Delays and changes are a part of every project we do. Do we like them? Of course not. Do we have to learn to deal with them? Absolutely. Setting deadlines and scheduling are great ways to keep your project on track.
When setting a deadline, you should always base it on an analysis–not just a guess. You also need to factor in some amount of contingency time, or float time. It must follow the sequence logically. For example, you cannot complete step C before steps A and B. Your deadlines should also be realistic. As you’re figuring your deadline, there are some ways that you can reduce the project delivery time. Using experienced team members, brainstorming ideas with front line workers, examining post mortems of other projects, gathering ideas from trade associations, and discuss options with industry experts are all ways in which to reduce completion time.
When figuring your deadline, you also need to figure your critical path. Critical path is the direction through which the project has dates which are considered unmovable. These dates are hard dates. If you miss thesedates your project is late. Critical path dates normally use a great deal of resources. In considering the critical path, ask yourself the following questions:
- Which dates are unforgiving?
- Which dates have some sort of penalty if missed?
- Which dates are hard and must be completed to move the project forward?
Occasionally, your time calculations are wrong. This usually happens because:
No one calculated it at all–No one took the time to figure out how long the project was going to take.
Time was calculated based on one project not several–Oftentimes, we work on more than one project at a time. Not taking into account multiple projects going on at once will cause you to allocate time and resources when they are not available.
Time was shortened due to the project manager wanting to create stress–There are times when you just have a rotten project manager. These people do not care about the team members and will do things the way they want regardless of the sacrifices others will have to make.
Within your critical path you should set up milestones. Milestones are a groups of tasks which achieve a measurable movement in the project. They are checkup dates for monitoring a major completion. These dates give you a guideline so you can make sure your project stays on track.
When the project faces changes, you should have a plan in place to know how to handle them. You need to create a process for allowing change orders and communicate them to the entire team immediately. Document the changes, their new standard and who authorized it. Fill out documentation forms to justify your new changes.
If you do not follow the proper procedures for handling changes, it is called scope creep. Scope creep is changes not approved by the project sponsor. These changes are not communicated and are motivated by the project team. They are geared to reach goals of project team member, not the goals specified by the people in charge. When scope creep happens, it is usually because a team member thinks he or she knows what the project sponsor wants.
There are times when you have delays that can’t be avoided. When this situation arises, there are ways to get the project back on track.
Create a fast start discussion meeting.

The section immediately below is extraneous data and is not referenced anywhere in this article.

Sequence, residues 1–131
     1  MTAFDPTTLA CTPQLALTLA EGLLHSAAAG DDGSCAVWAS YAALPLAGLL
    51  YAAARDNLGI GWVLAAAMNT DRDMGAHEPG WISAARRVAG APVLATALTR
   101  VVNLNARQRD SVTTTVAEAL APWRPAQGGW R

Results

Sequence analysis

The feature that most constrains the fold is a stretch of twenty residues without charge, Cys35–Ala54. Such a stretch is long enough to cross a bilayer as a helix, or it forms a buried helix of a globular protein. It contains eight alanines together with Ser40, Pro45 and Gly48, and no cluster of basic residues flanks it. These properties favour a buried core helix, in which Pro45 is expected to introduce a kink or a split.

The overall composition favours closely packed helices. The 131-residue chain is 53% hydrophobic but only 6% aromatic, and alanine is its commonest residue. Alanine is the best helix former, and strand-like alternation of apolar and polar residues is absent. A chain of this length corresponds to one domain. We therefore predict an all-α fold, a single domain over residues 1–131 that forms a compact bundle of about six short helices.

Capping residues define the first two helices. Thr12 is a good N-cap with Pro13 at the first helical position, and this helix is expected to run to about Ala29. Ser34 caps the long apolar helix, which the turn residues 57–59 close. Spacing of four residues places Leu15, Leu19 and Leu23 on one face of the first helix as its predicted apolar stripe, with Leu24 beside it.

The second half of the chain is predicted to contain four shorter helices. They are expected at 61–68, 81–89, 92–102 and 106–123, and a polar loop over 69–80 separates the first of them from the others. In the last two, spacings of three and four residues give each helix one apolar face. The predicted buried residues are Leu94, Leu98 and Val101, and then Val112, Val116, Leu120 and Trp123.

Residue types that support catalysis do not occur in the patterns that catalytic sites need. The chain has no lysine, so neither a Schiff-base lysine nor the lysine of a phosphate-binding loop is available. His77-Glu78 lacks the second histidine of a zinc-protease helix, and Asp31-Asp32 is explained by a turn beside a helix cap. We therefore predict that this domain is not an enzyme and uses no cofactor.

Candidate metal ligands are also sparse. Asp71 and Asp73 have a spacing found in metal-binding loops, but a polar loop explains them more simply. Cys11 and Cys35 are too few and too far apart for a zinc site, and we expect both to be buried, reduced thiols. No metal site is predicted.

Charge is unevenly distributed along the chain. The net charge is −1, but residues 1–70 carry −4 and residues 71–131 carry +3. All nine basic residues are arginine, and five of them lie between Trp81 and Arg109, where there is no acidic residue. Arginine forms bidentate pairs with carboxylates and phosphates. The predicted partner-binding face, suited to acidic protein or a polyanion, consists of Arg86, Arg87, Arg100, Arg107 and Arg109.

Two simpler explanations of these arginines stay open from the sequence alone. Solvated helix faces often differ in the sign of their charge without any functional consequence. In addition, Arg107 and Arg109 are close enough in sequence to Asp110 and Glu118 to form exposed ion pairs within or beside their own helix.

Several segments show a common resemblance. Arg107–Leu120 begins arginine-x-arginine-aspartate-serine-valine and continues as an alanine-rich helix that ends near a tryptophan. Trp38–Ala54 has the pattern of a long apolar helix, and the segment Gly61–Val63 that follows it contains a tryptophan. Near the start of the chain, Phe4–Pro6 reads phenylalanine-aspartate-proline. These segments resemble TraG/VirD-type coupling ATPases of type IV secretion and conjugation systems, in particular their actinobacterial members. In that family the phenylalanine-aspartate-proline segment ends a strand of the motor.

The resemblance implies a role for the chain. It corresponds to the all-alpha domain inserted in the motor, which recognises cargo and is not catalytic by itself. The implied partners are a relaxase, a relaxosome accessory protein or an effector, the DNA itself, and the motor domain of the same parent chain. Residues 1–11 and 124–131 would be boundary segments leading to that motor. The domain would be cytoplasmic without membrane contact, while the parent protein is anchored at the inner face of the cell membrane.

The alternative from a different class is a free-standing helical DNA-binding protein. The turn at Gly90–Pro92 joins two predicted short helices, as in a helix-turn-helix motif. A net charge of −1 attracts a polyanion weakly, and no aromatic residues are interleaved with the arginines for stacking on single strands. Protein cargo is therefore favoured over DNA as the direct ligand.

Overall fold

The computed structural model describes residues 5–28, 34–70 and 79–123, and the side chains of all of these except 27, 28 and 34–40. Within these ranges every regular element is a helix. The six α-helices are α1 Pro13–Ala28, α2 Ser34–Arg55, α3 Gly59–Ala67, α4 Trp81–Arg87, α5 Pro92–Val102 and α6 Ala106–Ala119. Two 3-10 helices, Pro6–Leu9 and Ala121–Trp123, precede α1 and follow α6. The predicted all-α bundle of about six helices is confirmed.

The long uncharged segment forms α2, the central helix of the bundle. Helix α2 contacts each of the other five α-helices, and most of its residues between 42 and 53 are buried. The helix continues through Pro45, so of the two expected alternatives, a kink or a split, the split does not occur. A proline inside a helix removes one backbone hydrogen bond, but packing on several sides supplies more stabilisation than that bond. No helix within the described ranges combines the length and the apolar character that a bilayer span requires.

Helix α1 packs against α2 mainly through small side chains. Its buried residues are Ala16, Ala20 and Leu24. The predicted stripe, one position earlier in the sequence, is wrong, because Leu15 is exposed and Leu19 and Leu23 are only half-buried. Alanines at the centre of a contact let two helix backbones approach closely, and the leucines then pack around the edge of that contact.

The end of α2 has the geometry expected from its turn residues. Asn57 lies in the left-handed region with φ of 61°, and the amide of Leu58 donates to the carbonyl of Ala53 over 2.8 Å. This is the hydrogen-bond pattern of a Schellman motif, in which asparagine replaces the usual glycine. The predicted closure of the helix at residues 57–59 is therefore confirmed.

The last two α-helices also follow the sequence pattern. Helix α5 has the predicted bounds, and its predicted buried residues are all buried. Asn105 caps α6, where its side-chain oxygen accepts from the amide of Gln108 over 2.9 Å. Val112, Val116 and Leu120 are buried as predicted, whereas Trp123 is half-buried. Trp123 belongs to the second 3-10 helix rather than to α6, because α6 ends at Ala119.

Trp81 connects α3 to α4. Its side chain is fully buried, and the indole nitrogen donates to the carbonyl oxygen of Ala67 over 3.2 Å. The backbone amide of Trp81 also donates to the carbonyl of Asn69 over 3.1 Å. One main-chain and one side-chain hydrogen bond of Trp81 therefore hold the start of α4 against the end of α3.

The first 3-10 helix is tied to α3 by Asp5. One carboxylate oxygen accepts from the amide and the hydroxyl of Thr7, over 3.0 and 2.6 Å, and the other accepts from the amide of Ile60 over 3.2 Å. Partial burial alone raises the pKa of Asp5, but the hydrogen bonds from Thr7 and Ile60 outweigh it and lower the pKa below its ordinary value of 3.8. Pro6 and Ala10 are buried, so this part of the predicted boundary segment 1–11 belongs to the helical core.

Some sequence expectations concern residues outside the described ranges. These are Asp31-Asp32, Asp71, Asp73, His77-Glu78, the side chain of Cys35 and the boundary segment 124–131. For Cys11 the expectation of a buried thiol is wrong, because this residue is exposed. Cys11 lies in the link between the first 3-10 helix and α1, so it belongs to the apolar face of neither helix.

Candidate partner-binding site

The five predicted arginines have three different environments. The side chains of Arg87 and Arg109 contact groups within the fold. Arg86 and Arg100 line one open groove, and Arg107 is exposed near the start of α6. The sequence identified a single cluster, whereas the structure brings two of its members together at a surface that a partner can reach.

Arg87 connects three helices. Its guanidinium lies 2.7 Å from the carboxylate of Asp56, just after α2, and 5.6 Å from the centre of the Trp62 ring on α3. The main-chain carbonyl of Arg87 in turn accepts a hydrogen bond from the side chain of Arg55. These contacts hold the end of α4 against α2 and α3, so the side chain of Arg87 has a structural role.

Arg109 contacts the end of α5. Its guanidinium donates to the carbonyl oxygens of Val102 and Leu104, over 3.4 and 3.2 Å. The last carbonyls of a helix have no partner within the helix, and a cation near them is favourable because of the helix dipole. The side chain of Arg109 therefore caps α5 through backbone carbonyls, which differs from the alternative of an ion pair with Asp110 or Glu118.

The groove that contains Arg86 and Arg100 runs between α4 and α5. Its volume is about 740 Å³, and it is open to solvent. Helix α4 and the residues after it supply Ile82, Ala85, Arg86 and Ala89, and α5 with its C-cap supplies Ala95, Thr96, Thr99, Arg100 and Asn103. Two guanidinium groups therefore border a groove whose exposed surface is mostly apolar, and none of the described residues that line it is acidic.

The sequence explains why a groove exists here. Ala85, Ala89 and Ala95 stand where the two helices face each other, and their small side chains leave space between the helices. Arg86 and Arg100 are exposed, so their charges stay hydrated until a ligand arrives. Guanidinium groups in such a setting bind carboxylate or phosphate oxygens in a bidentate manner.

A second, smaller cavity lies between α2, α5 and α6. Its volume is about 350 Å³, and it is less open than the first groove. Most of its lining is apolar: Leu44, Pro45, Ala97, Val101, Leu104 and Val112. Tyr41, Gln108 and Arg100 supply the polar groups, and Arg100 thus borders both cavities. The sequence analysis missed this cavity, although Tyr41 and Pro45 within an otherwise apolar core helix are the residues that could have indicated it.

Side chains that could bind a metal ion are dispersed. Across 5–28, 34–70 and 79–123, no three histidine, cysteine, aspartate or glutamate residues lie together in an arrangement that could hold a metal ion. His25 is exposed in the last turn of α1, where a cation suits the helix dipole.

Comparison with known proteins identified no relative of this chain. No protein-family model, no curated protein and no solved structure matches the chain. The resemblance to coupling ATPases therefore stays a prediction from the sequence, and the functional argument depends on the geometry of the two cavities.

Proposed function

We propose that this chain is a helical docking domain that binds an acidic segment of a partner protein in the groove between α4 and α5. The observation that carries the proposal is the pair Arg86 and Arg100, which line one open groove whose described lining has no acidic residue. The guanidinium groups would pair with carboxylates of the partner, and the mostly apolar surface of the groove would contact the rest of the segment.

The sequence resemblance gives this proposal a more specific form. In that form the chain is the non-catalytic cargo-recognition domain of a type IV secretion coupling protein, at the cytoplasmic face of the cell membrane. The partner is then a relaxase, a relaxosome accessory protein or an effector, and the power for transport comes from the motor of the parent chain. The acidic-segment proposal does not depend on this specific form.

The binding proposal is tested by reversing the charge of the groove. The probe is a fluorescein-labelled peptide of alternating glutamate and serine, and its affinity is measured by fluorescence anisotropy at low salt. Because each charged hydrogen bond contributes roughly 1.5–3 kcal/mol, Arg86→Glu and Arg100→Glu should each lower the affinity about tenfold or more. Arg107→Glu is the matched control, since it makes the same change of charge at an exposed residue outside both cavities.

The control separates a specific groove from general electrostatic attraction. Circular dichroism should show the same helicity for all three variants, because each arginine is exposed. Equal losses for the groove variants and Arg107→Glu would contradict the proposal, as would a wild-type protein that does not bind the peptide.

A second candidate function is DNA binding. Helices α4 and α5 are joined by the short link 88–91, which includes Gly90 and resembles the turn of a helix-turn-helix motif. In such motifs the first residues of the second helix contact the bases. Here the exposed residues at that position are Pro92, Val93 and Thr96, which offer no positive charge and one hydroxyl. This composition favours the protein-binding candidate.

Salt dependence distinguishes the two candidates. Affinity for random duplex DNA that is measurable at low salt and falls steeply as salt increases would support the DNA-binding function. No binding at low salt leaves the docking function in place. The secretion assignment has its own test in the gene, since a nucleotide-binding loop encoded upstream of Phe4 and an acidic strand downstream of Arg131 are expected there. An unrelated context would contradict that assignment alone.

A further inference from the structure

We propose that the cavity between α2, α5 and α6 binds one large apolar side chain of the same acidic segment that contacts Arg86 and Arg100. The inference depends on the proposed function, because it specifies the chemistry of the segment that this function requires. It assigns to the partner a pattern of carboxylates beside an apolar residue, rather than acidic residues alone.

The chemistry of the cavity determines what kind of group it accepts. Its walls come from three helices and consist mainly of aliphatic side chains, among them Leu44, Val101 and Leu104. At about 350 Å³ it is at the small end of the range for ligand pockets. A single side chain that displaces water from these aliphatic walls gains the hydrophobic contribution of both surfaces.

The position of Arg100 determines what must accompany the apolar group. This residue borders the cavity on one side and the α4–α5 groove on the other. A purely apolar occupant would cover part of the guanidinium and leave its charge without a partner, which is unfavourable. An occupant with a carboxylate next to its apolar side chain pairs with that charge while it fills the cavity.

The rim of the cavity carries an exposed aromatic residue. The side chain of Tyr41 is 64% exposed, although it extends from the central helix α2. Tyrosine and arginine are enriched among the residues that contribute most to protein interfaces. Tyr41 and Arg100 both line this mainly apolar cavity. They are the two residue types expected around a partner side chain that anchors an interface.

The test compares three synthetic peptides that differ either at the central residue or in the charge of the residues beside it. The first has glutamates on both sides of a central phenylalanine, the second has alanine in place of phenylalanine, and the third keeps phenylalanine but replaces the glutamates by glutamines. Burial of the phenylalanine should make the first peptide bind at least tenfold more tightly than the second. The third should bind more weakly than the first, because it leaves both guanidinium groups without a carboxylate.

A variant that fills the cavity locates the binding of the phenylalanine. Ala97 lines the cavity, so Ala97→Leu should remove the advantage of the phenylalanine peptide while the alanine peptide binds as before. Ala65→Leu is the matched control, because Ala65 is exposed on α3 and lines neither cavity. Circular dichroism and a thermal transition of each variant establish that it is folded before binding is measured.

At this meeting, figure out a way to get the project started as soon as possible. Determine whether you need to bring on more team members, cut some of the project, or start the project before all resources are in place. Since you want to complete the project to the satisfaction of the project sponsor, keep in mind their expectations and needs.
Examine what is the least amount of the project which can be accomplished.
If you know that you will not be able to complete the entire project, establish the critical aspects. Prioritize the key elements and start there. Complete those elements, and, if times allows, come back to the areas that were cut and do them. Remember, you must gain approval from the project sponsor before you proceed.
Communicate the desire to speed the project up.
Sometimes simply communicating the urgency to speed up the project to the team members will be enough to get the job done. If everyone will hunker down and work harder, more will be accomplished. Also, by conveying the importance to speeding up the project, your team members may have suggestions on how to get this done faster and with more efficiency.
If your project is started late, more stress will be added to the team. All the float time will be used up immediately. The weight of decision making will also be increased. Pressure is placed on all decisions to be 100% correct. There will be no room for error; however, team members feel the need to speed up their decisions which sometimes increases miscalculations.
You can see how important it is to keep your project on time. If you have scope creep and add sections to the project that wasn’t in the original plan and hasn’t been approved by the project sponsor, you will waste your time, energy, and money.
Dr. Keith Mathis, founder and CEO of The Mathis Group, specializes in Project Management, Management Leadership, and Marketing training for private businesses and government agencies of all kinds. He offers 33 Project Management courses, is a Project Management Professional, is certified by the Project Management Institute and will customize every training session to your individual company’s needs. The Mathis Group also sponsors www.pmexpertlive.com, which is a powerful project management resource with free reports, podcasts, videos, and a monthly newsletter. He also offers customized management training and coaching on any subject with prolific communication and professionalism.